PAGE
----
One example of the important results that can emerge from such a collaboration is reported by Orr (1995). when there are no textbooks available for a particular discipline. In 1987. (1987:53) answer this quite simply. the ESP Practitioner must first work closely with field specialists. however. These are 1) Teacher. (1987:165) support materials that cover a wide range of fields. basing their syllabi on a learner needs analysis and their own specialist knowledge of using English for real communication. in practise a great deal". In order to meet the specific needs of the learners and adopt the methodology and activities of the target discipline. the ESP Practitioner must collaborate more closely with the learners.3. 2) Collaborator. The first role as 'teacher' is synonymous with that of the 'General English' teacher. 4) Researcher and 5) Evaluator. functions. skills. of course. many so-called ESP teachers are using an approach furthest from that described above. ESP teachers are usually unable to rely on personal experiences when evaluating materials and considering course goals. we begin to see how broad ESP really is. teachers of 'General English' courses. This collaboration. The result is that many ESP teachers become slaves to the published textbooks available. they are also unable to rely on the views of the learners. who tend not to know what English abilities are required by the profession they hope to enter. although many 'General English' teachers can be described as using an ESP approach. are much more aware of the importance of needs analysis. One of the main controversies in the field of ESP is how specific those materials should be. Both 'General English' teachers and ESP practitioners are often required to design courses and provide materials. the line between where 'General English' courses stop and ESP courses start has become very vague indeed. one may ask 'What is the difference between the ESP and 'General English' approach?' Hutchinson et al. Coming from a background unrelated to the discipline in which they are asked to teach. Ironically. and worse. and strategies of different . Nevertheless. Hutchinson et al. Dudley Evans describes the true ESP teacher or ESP Practitioner (Swales. Teachers nowadays. and published textbooks have improved dramatically allowing the teacher to select materials which closely match the goals of the learner. resolve to teaching from textbooks which may be quite unsuitable. the last statement was quite true. would rarely conduct a needs analysis to find out what was necessary to actually achieve it. Perhaps this demonstrates the influence that the ESP approach has had on English teaching in general. while acknowledging that students had a specific purpose for studying English. It is in the performing of the other four roles that differences between the two emerge. discourse structures. does not have to end at the development stage and can extend as far as teach teaching. arguing that the grammatical structures. At the time. however. (1988). who will generally be more familiar with the specialized content of materials than the teacher him or herself. 3) Course designer and materials provider. 1988) as needing to perform five different roles. The ESP Practitioner If we agree with the above definition. When team teaching is not a possibility. a possibility discussed by Johns et al. At the university level in particular. "in theory nothing. In fact.
English for Specific Purposes: A learner-centered approach... (1988). P. Jordan.. Hall. T. (1993) suggests an increasing interest in this area of research. however. Patterns of thought in scientific writing: A course in information structuring for engineering students.. R. Hansen (1988). In D. M. can new members join with confidence. describes clear differences between anthropology and sociology texts. in particular. (1993). Cambridge University Press. Joliffe (Ed. K. References Anthony. Kenny B. and existing members carry on the practices which have brought ESP to the position that it has in EFL teaching today. (1986). Hawkey. Writing in Academic Disciplines: Advances in Writing Research. Cambridge University Press. Only then. The role of writing in graduate engineering . most tend to use topics from multiple disciplines. for example. L. & Weiland. Preaching to Cannibals: A Look at Academic Writing in Engineering. Conclusion If the ESP community hopes to grow. Hutchinson. making much of the material redundant and perhaps even confusing the learner as to what is appropriate in the target field. (1987). the only evaluation of the non compulsory course reported by Hall et al. O. 5. and can accept the various roles that ESP practitioners need to adopt to ensure its success. The final role as 'evaluator' is perhaps the role that ESP practitioners have neglected most to date. Developments in English for Specific Purposes: A multi-disciplinary approach. (1998). In Japan. It is here that the ESP practitioner's role as 'researcher' is especially important. S. A. English for Specific Purposes. Rhetoric and epistemology in the social sciences: A contrast of two representative texts. Hansen. ESP is still in its infancy and so now is the ideal time to form such a consensus.). Many ESP practitioners are therefore left with no alternative than to develop original materials.. D. it is vital that the community as a whole understands what ESP actually represents. with the exception of textbooks designed for major fields such as computer science and business studies. (1986:158) is that despite carrying no credits. Dudley-Evans. For example. As Johns et al. 4. On the other hand.disciplines are identical. Proceedings of the Japan Conference on English for Specific Purposes (forthcoming). (1991) describe. Unfortunately. "students continue to attend despite rival pressures of a heavy programme of credit courses". with results leading directly to appropriate materials for the classroom. K. & Waters. there have been few empirical studies that test the effectiveness of ESP courses. (1998). 5:147160. and Anthony (1998) shows unique features of writing in the field of engineering. & Storer G. recent work such as that of Jenkins et al. More recent research. Norwood. T. A. has shown this not to be the case. Jenkins.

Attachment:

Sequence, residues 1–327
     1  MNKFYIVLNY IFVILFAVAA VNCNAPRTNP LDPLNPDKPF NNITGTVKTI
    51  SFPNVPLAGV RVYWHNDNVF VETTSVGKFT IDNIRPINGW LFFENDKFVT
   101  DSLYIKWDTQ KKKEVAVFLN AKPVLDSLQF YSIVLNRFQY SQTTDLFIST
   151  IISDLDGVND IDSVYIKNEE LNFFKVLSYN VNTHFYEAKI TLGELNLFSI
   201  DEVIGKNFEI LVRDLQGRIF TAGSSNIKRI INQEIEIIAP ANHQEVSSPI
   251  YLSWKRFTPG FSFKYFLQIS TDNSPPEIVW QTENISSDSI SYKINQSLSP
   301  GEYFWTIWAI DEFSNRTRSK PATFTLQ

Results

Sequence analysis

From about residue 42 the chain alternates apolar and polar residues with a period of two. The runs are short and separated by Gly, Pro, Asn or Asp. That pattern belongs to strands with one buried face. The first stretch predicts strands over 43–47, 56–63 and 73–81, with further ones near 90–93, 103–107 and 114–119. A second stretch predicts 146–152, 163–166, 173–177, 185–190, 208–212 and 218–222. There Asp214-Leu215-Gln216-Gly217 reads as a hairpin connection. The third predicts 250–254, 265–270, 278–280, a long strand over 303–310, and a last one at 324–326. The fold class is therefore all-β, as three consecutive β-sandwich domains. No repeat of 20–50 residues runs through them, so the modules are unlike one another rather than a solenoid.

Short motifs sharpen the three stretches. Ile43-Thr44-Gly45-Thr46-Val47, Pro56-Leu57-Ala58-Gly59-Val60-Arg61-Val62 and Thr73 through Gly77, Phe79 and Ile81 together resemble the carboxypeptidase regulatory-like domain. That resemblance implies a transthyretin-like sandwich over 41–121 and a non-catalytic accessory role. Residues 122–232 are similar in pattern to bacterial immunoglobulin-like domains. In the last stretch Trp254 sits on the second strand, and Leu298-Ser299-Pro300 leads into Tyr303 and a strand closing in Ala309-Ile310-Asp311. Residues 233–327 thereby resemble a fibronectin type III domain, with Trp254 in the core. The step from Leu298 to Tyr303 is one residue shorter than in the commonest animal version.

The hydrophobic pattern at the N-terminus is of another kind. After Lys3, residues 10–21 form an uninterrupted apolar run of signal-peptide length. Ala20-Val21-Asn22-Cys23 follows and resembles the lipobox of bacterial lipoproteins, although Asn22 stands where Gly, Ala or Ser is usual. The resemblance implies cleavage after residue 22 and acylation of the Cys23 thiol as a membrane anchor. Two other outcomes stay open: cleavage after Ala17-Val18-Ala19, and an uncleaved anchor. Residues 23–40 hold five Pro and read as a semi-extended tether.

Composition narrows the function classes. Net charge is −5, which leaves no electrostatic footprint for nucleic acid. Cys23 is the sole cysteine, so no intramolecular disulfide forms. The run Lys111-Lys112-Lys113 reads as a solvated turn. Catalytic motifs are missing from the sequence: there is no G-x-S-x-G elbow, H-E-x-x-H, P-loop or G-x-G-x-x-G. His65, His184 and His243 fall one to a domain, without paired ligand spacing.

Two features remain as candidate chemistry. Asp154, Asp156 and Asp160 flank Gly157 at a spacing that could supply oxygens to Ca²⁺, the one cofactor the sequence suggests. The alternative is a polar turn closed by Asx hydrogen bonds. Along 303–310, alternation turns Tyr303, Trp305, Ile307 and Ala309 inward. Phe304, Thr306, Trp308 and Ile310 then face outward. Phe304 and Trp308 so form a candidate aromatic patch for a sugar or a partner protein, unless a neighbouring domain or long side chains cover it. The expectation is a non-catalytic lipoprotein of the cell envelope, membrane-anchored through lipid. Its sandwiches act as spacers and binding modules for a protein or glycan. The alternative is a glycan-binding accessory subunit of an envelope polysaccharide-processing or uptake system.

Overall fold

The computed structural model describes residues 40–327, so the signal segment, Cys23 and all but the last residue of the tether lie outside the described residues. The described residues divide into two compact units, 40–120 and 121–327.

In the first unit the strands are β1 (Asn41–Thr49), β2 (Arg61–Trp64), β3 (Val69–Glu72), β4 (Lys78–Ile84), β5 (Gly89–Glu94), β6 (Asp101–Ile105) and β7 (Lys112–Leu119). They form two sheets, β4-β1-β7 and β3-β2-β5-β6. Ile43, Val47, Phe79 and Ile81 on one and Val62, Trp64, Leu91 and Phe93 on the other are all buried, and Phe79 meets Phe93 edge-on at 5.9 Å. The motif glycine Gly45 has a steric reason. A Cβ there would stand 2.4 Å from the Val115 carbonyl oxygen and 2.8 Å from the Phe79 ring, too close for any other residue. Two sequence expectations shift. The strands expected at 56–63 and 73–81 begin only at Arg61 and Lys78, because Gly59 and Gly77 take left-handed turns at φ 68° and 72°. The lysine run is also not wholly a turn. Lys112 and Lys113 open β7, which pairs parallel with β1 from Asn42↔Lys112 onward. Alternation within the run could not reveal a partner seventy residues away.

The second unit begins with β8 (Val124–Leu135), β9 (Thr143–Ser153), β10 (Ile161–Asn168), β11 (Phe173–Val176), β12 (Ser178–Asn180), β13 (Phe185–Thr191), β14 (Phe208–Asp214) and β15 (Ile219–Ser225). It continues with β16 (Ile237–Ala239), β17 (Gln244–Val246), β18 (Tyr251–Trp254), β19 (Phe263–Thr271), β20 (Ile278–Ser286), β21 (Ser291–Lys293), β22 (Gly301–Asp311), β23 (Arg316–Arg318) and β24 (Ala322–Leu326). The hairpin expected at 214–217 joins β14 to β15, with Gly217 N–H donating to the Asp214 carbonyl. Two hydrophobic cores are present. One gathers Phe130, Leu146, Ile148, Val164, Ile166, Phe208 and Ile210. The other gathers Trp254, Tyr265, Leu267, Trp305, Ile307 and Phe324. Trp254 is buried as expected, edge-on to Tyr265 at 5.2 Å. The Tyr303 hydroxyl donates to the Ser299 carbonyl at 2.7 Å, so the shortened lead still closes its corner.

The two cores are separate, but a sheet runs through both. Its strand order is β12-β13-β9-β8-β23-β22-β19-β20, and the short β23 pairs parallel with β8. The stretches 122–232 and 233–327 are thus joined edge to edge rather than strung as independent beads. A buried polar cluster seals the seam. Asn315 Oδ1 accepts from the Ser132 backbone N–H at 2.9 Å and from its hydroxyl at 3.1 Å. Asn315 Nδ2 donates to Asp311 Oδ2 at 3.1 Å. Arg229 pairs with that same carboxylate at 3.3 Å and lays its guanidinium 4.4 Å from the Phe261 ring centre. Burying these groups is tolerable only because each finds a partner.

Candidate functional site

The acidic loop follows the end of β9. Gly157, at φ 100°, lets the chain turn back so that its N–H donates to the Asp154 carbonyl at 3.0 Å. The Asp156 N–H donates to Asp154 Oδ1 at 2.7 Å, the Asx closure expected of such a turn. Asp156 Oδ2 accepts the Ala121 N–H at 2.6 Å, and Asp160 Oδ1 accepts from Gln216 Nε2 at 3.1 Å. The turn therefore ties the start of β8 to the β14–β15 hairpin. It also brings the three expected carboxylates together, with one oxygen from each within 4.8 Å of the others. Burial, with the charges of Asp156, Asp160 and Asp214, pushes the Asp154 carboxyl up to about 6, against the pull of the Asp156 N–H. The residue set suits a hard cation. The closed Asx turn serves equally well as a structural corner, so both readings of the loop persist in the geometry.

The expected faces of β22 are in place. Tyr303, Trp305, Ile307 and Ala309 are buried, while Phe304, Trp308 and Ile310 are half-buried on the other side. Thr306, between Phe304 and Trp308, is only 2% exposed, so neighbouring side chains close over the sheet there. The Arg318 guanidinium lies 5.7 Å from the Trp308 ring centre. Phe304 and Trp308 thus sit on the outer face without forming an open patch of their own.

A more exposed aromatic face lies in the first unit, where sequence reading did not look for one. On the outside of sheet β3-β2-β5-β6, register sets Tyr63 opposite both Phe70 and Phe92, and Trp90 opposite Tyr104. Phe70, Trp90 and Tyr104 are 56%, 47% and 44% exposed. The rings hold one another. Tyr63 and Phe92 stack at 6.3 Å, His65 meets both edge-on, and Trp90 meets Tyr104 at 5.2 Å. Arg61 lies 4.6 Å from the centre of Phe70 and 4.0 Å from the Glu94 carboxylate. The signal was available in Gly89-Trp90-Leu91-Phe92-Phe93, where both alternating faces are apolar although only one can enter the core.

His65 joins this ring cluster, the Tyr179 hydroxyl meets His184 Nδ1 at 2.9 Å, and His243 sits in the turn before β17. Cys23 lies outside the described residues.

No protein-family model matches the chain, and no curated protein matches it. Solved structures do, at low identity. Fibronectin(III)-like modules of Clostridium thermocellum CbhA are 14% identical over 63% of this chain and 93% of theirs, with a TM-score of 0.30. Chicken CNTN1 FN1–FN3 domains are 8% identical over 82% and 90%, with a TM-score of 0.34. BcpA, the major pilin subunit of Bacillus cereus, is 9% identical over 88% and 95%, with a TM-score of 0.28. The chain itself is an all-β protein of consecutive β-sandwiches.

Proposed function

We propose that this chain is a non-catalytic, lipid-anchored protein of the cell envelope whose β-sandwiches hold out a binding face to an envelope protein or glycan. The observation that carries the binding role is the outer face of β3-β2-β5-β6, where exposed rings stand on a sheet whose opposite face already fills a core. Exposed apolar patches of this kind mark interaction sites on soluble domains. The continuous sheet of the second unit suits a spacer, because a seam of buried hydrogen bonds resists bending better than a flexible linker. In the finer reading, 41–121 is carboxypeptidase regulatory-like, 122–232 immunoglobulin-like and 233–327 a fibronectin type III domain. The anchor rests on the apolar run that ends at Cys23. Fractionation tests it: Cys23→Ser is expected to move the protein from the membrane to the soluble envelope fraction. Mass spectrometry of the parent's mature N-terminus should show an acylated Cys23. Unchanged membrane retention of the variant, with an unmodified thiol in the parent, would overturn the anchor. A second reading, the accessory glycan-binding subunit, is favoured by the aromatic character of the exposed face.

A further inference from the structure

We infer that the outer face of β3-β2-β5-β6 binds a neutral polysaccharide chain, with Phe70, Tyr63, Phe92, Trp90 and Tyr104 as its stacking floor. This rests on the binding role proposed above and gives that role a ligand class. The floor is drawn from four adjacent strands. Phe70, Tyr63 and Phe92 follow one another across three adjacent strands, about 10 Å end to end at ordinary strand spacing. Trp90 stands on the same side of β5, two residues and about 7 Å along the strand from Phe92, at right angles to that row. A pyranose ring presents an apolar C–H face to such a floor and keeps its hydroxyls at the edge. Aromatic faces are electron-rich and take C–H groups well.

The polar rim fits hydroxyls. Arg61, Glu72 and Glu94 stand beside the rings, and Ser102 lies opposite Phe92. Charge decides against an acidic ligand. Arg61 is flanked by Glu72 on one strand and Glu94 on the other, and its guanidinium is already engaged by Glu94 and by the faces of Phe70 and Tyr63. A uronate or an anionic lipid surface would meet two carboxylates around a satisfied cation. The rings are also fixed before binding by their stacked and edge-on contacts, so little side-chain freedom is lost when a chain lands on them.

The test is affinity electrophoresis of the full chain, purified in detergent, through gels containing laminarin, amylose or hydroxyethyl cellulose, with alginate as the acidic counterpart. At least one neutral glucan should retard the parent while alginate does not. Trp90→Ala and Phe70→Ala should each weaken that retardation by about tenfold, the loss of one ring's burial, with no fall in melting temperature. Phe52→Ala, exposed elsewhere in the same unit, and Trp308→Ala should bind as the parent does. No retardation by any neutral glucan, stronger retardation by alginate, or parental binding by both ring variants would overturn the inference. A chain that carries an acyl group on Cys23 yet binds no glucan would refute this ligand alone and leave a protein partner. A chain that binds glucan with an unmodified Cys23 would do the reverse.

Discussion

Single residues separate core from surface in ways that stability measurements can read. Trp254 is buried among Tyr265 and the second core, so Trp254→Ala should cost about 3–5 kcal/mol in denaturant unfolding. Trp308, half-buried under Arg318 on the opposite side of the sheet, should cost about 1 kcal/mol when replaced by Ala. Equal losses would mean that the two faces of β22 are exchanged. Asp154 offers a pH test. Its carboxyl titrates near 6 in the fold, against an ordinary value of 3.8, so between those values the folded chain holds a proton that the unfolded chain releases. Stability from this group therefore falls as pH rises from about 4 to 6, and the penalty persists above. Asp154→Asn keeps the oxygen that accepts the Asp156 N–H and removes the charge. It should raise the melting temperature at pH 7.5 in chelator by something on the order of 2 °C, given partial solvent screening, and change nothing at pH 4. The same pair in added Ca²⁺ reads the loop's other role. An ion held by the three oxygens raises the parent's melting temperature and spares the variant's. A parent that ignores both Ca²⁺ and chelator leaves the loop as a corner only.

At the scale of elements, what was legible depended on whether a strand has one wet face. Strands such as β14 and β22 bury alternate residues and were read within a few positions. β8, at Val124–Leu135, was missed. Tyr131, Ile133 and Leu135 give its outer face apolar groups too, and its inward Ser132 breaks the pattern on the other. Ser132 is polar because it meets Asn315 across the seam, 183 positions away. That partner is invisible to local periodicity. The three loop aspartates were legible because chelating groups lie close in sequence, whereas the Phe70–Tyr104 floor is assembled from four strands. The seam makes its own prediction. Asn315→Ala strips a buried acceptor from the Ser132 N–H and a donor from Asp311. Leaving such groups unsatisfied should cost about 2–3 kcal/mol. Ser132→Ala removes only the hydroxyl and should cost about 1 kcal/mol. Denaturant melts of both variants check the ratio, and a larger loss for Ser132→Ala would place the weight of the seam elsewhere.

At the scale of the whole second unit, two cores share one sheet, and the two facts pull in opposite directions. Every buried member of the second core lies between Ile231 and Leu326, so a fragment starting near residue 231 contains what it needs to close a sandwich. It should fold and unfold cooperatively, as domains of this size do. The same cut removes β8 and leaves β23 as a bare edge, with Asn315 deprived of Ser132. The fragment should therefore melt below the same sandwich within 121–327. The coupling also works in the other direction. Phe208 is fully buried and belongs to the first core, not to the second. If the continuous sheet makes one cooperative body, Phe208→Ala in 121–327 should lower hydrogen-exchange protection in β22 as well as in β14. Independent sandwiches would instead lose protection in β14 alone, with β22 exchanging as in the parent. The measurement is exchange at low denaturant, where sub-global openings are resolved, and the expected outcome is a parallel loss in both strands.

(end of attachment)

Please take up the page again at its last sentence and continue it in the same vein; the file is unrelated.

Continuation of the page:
Unpublished Ph. In J. TESOL Quarterly 25:2.D. Strevens. Swales (Ed. T. P. F. T. Prentice Hall. Johns. ESP after twenty years: A re-appraisal. (1988). 12:51-67. Orr. English for Specific Purposes. Episodes in ESP. (1988). M. T. Specific in Purpose. (1991). An experiment in team teaching overseas postgraduate students of transportation and plant biology.education: A survey of faculty beliefs and practices. & Dudley-Evans. English for Specific Purposes: International in Scope. J. Swales. ESP: State of the art (1-13). Tickoo (Ed. . T. dissertation. Johns. 297-314. (1988). Prentice Hall. Episodes in ESP.). In M. SEAMEO Regional Language Centre. Models of Professional Writing Practices Within the Field of Computer Science.). A. (1995). Ball State University. & Dudley-Evans.